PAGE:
The Fourth Amendment protects us from random invasions of our homes by police, right? We know we're secure in our "persons, houses, papers, and effects" unless the cops demonstrate probable cause to a judge and get a warrant. Except… Except when they don't. The fact of the matter, writess J.D. Tuccille, managing editor of Reason 24/7, is that police have a lot of leeway to bust your door down and take a look around if they fear that waiting for a warrant could lead to loss of evidence or danger to people. Or lead to something, anyway. That end run around the Fourth Amendment is called "exigent circumstances," and nobody really seems to be sure where it starts and stops. Except for the police. They know it when they see it.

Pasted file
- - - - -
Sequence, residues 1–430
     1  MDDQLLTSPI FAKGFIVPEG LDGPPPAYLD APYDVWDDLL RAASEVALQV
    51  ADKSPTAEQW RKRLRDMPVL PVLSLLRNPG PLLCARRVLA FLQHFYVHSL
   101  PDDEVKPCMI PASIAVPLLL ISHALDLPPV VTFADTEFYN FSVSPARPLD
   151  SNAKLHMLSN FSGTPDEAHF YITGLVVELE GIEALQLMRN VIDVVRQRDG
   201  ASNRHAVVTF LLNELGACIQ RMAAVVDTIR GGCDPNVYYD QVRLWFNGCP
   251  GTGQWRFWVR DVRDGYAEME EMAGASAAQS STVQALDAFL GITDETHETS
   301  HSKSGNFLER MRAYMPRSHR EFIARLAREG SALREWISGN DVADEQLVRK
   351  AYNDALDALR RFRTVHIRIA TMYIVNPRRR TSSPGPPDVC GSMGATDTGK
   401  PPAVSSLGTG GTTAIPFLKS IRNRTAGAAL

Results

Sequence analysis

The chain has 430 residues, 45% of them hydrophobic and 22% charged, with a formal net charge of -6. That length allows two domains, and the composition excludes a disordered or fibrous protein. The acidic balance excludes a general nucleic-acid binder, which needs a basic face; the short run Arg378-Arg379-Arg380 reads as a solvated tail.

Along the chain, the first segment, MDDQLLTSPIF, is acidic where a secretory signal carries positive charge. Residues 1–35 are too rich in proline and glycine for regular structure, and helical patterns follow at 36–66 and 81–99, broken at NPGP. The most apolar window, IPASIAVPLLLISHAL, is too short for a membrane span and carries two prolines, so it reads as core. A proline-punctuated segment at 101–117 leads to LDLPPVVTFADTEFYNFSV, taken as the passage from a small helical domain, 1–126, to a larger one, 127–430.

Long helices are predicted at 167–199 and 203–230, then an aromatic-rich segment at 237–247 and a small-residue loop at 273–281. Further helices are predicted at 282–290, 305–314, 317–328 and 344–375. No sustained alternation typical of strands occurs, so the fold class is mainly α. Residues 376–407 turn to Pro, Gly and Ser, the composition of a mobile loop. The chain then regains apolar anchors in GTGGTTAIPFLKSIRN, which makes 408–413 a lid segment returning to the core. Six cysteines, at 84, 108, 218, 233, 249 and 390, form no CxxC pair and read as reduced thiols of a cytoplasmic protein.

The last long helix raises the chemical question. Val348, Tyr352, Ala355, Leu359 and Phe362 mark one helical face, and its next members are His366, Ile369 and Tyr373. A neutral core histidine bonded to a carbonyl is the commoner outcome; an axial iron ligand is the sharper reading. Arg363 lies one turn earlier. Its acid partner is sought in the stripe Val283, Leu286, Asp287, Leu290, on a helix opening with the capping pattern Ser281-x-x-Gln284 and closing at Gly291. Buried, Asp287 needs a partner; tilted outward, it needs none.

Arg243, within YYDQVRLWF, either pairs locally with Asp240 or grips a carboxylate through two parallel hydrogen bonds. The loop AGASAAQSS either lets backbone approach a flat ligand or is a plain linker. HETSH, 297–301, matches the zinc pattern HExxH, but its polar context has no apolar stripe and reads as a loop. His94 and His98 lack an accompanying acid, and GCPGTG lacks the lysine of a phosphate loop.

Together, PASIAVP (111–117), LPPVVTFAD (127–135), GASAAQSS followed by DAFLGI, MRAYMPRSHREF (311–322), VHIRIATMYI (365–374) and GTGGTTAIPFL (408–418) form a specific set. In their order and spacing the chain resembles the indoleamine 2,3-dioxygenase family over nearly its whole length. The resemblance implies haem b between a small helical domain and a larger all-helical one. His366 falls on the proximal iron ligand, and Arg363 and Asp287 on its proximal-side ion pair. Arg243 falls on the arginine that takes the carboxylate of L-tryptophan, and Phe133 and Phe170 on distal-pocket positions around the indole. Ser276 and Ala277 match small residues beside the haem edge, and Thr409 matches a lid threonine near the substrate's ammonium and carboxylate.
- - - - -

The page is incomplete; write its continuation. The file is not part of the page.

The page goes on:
Cops laugh about “probable cause on four legs” but the damage to innocent lives is real.
The FBI Seized Heirlooms, Coins, and Cash From Hundreds of Safe Deposit Boxes in Beverly Hills, Despite Knowing 'Some' Belonged to 'Honest Citizens'
Victims of the FBI's constitutionally dubious raid say they've been told to come forward and identify themselves if they want their stuff back.
Want to keep wearing a mask yourself? That's fine. Want to force fully vaccinated people to join you? The science doesn't support that.